A vast majority of U.S. firms in Shanghai are cutting revenue forecasts for 2022 in the wake of “zero-Covid” policies that left much of the international business hub of 26 million people locked down in April and May, according to a new survey by the American Chamber of Commerce in Shanghai.
Some 93% of respondents have lowered their revenue projections for the year. A quarter of respondents expect revenues to be more than 20% lower than originally expected, AmCham said.
A quarter of consumer and services companies have decreased their investment plans, as have 20% of manufacturers, AmCham said. “Just one respondent plans to increase their investment in China,” it noted.
“Although our member companies are resuming operations, the impact of the Shanghai lockdown on their business has been profound,” AmCham Shanghai President Eric Zheng said in a statement.
Only 35% of manufacturers said they were operating at full capacity, while a quarter are operating at or below 75% capacity; 3% have not resumed operations, the survey found. Among consumer and service sector companies, only 27% are fully operational.
“To restore confidence, the Shanghai government must act quickly to ensure unhindered supply chains, logistics and worker mobility and to accelerate the provision of financial support to businesses. Shanghai should return to its pro-business mindset while dealing with the pandemic.”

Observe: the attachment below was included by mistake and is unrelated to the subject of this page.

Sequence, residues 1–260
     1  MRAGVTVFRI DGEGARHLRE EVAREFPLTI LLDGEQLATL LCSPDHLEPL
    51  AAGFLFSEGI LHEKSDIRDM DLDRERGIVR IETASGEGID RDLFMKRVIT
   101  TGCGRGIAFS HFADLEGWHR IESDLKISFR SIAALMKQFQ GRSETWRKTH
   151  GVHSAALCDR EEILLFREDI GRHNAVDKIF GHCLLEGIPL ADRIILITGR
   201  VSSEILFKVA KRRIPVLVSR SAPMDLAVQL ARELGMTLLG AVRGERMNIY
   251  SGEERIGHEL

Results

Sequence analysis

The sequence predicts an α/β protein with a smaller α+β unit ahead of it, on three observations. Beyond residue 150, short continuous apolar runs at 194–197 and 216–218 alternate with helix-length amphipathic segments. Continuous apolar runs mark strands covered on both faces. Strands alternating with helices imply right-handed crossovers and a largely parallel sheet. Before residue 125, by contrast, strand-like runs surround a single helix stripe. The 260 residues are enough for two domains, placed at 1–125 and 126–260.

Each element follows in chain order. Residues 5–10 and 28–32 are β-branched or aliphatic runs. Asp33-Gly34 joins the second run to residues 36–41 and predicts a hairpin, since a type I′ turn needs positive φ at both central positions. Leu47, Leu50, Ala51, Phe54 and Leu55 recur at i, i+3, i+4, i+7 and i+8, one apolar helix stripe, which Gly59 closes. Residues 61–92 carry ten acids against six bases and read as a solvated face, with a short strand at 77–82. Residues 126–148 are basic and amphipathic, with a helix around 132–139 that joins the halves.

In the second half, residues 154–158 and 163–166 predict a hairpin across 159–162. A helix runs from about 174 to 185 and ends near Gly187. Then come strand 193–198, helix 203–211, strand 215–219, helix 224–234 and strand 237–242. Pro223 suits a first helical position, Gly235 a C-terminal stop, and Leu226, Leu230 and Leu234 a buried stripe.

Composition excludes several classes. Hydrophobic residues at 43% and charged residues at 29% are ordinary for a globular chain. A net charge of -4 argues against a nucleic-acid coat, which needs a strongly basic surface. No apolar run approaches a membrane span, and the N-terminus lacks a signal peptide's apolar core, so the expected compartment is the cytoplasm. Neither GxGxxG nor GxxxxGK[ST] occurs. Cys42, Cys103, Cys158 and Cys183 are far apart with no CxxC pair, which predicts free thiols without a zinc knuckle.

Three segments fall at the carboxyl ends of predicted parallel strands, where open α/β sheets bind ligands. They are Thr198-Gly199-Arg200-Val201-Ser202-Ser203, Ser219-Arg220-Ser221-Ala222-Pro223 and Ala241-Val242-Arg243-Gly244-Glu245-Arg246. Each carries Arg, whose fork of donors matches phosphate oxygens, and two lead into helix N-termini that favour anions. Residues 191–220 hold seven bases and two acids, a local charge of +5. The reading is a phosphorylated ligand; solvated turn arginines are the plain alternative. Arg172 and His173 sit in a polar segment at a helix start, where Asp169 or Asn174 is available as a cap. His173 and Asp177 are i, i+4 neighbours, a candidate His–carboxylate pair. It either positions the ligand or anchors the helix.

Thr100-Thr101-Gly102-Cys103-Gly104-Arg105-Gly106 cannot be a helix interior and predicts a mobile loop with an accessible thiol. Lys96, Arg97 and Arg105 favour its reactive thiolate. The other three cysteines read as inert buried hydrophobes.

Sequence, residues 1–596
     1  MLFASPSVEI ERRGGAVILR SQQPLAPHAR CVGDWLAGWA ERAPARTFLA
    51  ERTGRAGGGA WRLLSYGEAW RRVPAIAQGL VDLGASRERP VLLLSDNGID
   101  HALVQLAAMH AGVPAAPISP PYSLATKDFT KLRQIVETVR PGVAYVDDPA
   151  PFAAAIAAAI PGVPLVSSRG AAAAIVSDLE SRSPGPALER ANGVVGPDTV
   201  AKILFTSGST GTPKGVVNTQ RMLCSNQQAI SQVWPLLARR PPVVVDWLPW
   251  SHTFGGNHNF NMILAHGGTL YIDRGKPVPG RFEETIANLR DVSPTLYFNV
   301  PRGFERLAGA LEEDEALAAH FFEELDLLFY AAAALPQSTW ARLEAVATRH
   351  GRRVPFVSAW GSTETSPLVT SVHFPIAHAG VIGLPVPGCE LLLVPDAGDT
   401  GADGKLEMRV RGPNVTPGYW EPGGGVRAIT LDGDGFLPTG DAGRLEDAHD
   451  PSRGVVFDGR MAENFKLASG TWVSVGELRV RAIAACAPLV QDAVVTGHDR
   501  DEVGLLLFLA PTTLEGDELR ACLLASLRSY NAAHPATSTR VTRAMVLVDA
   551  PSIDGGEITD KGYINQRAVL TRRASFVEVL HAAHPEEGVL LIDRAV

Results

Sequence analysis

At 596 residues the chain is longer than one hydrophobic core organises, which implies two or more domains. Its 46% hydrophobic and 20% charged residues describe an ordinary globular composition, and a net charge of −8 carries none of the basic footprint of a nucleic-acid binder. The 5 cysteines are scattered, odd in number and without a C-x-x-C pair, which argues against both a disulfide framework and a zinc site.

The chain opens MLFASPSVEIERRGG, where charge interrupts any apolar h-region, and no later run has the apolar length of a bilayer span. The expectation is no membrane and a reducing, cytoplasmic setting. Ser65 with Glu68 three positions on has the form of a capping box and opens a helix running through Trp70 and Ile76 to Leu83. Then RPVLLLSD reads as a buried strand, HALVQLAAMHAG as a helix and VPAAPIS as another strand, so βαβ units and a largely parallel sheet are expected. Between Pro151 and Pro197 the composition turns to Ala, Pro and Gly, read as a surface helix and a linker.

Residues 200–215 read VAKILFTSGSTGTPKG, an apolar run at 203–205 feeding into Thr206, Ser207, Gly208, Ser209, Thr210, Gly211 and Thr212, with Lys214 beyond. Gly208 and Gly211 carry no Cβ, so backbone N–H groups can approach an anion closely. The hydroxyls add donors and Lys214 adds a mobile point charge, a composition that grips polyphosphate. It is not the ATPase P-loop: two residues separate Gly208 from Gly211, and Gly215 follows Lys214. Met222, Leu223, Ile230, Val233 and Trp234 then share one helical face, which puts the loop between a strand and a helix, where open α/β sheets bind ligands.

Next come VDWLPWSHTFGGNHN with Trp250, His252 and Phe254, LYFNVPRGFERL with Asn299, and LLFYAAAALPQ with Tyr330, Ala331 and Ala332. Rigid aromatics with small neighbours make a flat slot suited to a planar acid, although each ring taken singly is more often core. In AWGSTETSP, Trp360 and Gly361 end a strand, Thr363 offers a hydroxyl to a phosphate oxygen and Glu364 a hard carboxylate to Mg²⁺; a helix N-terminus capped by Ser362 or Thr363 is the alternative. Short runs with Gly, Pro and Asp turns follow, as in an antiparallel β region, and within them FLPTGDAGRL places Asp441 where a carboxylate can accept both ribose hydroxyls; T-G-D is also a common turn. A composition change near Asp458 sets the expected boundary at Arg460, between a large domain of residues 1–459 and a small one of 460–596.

The survey was conducted June 7-9 and answered by 133 member companies, with 69 respondents from the manufacturing and 64 from the consumer and services sectors. American firms active in Shanghai include Starbucks, Johnson & Johnson, Microsoft, Tesla, GM and Citibank, to name a few.
Foreign business groups and leaders have been unusually blunt in their criticism of China’s “zero-Covid” approach, a lack of transparency and policy uncertainty. (See post here.)
Among manufacturers surveyed, 26% are accelerating the localization of their China supply chains while moving production of global products out of the country, AmCham said. Another 23% of manufacturers said that the Shanghai lockdowns had not impacted their supply chain strategy, it said.
The World Bank this month lowered its forecast for China GDP growth by 0.8 percentage points to 4.3% and warned that the country faces downside risks from new disruptions from Covid.
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